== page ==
A rumbling volcano on Indonesia’s holiday island of Bali spewed ash and towering clouds of smoke Tuesday (Nov 21), heightening fears it may erupt for the first time in more than 50 years.
Mount Agung belched smoke as high as 700 metres above its summit, as it stirred to life again after more than 140,000 people fled homes around the crater last month for fear the volcano would erupt.
Nearly 1,600 people died when Agung last erupted in 1963, but officials said Tuesday that the rumblings did not pose an immediate threat to those living in its shadow.
The alert level has not been raised, according to Made Indra, from Bali’s disaster mitigation agency.
“The eruption is still ongoing. Residents should remain calm and follow the PVMBG’s recommendations,” Sutopo Purwo Nugroho said on his Twitter account.
But local volcanologist Gede Suantika added that “people within six kilometres of the mountain (summit) should evacuate”.
Agung has been rumbling intermittently since August.
Officials estimated concerns about an eruption over the past few months had cost Bali at least US$110 million (S$150 million) in lost tourism and productivity as many local residents moved to shelters.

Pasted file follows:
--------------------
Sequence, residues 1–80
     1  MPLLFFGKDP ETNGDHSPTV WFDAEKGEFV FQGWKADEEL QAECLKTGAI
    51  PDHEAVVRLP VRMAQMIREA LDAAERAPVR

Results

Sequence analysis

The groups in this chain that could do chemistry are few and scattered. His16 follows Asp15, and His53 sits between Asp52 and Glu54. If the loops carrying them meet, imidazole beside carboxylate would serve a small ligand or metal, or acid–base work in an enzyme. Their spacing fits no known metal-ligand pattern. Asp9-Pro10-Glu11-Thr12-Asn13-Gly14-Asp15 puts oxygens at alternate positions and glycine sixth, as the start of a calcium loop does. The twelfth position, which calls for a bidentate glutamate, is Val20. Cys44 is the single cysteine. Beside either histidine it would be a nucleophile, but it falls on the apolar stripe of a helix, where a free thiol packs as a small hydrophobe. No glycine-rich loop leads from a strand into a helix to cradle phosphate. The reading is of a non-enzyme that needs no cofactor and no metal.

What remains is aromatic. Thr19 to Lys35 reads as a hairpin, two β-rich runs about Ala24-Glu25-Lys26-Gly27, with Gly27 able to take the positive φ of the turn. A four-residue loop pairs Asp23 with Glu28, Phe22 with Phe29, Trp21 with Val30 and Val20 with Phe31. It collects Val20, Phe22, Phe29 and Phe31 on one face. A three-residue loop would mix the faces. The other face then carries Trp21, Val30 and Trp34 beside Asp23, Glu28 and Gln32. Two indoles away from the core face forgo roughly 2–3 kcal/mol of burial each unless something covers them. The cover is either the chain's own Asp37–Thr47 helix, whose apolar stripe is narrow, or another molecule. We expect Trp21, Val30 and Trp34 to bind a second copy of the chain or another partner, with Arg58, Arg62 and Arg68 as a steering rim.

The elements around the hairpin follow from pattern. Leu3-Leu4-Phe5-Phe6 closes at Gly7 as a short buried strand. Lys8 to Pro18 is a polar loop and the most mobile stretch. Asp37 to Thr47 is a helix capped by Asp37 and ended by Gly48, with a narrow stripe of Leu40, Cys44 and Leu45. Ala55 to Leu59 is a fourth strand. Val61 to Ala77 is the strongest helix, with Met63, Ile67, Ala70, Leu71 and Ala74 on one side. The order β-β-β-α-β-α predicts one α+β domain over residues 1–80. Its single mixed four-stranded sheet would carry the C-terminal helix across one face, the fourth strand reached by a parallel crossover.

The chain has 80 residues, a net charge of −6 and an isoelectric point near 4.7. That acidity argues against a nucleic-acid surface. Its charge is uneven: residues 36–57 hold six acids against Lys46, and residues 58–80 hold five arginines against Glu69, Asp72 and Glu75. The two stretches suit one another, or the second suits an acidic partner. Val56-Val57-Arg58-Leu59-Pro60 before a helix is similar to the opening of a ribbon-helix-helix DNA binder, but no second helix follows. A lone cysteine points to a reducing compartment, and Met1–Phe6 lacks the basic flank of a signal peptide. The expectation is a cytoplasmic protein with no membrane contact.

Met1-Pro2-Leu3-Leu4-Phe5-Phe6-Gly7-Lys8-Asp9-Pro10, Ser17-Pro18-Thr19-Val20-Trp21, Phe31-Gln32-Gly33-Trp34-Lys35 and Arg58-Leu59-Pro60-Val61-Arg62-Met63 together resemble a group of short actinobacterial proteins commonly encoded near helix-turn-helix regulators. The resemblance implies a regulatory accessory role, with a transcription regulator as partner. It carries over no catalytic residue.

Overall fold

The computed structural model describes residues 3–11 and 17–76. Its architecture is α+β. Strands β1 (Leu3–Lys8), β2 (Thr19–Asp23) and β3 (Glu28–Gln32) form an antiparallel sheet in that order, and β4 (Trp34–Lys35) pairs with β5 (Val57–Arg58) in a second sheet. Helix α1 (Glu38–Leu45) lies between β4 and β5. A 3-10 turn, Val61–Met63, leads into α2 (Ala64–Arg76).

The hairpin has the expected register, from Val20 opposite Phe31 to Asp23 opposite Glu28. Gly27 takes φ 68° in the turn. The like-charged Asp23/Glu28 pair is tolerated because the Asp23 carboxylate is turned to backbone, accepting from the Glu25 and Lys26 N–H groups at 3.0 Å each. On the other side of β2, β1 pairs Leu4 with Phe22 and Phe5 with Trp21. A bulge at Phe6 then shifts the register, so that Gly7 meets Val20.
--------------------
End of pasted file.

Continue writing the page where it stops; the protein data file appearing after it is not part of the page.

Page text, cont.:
According to the Sydney Morning Herald, an Indonesian government press release said a potential danger was heavy ash rain that could spread outside of the danger zone.
“It is expected that all communities living around Mount Agung and on the island of Bali, immediately prepare a mask to cover the nose and mouth and eye protection as an effort to anticipate the potential danger of volcanic ash,” the government said in its statement.
Meanwhile, operations at Bali’s international airport continued as normal, reported the SMH.
“Visual observation via pilot report is ongoing,” said spokesman Arie Ahsan, as quoted by the Australian daily. “The wind is blowing to the east with tendency towards the southeast.”
-AFP / SMH